These steps are just a beginning.  We are in the midst of social and technological currents that challenge our capacity to be deeply conscious.  We are living in a time of fear and the energy required to be love in this time is critical.  In case you think I have arrived at some perfect state of balance, let me assure you that nothing could be further from the truth.  The conflict between having a successful career, running my own business, finishing my Master of Counseling degree, trying to bring about social change, and the need to be an available and supportive mother has come into stark relief for me. I have eliminated extra counseling internship hours in order to create the time to write and prepare for my classes.  I have committed to reestablishing a regular exercise routine and place my needs and the needs of my children before all else.  We are all on this journey, seeking to live well, trying to find balance, wanting to make our lives count, and aching to make the world healthier and safer for all.  It’s a path.  Easy?  No.  Vital for our personal well-being, our kids, and our natural world?  Absolutely.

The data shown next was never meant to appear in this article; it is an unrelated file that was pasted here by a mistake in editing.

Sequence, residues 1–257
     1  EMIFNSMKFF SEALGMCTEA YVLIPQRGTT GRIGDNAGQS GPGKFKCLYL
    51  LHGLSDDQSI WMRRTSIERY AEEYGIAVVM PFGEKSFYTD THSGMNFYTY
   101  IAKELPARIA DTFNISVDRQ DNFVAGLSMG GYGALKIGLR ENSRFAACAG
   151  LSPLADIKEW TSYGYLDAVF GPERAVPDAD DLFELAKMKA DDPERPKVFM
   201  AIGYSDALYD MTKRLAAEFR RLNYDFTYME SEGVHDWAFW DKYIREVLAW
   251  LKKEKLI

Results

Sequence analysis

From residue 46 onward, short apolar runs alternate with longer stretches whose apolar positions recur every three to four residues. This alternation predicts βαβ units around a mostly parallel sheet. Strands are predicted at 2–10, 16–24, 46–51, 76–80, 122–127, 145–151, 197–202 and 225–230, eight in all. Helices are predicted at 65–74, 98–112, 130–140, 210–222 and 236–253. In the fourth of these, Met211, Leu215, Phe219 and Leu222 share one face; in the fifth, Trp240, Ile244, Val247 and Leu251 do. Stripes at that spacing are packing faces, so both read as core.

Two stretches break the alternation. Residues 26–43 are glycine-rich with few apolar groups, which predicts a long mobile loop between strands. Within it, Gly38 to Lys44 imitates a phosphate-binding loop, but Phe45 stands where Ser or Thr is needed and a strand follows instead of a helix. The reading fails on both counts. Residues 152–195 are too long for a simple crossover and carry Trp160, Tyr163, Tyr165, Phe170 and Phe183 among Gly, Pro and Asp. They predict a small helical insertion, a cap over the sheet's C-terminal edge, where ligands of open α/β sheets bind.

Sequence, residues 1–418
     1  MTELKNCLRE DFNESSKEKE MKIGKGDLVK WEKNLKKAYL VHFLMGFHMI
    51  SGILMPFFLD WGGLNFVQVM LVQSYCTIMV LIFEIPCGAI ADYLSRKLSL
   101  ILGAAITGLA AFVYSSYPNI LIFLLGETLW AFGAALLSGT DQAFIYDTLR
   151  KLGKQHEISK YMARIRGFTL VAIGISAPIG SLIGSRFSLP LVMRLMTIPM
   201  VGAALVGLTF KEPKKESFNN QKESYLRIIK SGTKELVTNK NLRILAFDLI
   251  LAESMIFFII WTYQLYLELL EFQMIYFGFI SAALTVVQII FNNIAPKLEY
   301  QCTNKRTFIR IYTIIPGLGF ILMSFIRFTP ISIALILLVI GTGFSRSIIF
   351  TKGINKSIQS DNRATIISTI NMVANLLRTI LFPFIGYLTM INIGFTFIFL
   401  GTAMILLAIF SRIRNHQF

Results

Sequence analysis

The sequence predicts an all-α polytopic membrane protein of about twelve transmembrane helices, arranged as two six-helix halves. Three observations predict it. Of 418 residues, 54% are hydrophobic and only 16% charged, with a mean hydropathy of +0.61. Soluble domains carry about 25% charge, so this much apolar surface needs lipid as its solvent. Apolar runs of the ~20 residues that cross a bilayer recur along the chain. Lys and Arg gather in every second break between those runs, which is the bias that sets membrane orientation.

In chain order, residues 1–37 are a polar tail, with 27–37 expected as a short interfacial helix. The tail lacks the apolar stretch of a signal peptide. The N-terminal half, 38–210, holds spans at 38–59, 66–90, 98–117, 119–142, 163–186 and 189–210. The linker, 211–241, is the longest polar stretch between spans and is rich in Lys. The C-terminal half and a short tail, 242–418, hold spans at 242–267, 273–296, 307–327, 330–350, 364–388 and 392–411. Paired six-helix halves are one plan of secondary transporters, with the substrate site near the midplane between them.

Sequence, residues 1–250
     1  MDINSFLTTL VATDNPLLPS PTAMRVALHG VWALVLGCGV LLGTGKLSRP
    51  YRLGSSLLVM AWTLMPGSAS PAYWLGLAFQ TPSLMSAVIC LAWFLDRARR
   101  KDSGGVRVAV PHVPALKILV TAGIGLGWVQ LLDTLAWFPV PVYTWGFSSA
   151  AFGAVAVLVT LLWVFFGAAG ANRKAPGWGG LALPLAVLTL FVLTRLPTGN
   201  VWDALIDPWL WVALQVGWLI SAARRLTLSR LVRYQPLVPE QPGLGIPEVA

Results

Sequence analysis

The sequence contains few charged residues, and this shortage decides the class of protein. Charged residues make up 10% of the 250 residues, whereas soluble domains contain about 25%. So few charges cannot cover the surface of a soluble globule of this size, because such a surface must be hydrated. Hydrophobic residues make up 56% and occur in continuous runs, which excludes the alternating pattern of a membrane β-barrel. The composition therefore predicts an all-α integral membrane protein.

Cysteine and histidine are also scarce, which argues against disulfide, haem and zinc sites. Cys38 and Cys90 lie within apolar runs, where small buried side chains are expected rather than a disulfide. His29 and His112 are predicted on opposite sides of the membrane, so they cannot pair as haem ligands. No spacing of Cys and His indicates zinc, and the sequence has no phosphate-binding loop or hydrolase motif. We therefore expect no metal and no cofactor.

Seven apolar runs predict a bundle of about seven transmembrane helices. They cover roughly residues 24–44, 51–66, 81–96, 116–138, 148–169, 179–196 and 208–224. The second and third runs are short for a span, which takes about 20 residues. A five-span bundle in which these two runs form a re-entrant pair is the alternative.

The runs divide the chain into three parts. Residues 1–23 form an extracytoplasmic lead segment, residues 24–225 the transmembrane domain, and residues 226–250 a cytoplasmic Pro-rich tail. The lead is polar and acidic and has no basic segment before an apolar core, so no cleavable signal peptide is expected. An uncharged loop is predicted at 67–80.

For More Information

Yearning for Balance: An Action Kit available for $10.00 from The Center for a New American Dream, 6930 Carrol Avenue, Suite 900, Takoma park, MD 20912, 301-891-3683; or e-mail them at newdream@newdream.org.

Books

Andrews, Cecile. The Circle of Simplicity: Return to the Good Life. Harper Collins, 1997.

Burch, Mark. Simplicity Study Circles: A Step-By-Step Guide. New Society Publishers, 1996.

Engwicht, David. Street Reclaiming: Creating Livable Streets and Vibrant Communities. New Society Publishers, 1999.

St. James, Elaine. Simplify Your Life (One Hundred Ways to Slow Down and Enjoy the Things That Really Matter). Hyperion, 1994.

Web Sites

Earth Save www.earthsave.org

New Ways to Work www.nww.org

Energy Efficiency and Renewable Energy Network’s Kids’ Stuff Page www.eren.doe.gov/kids.html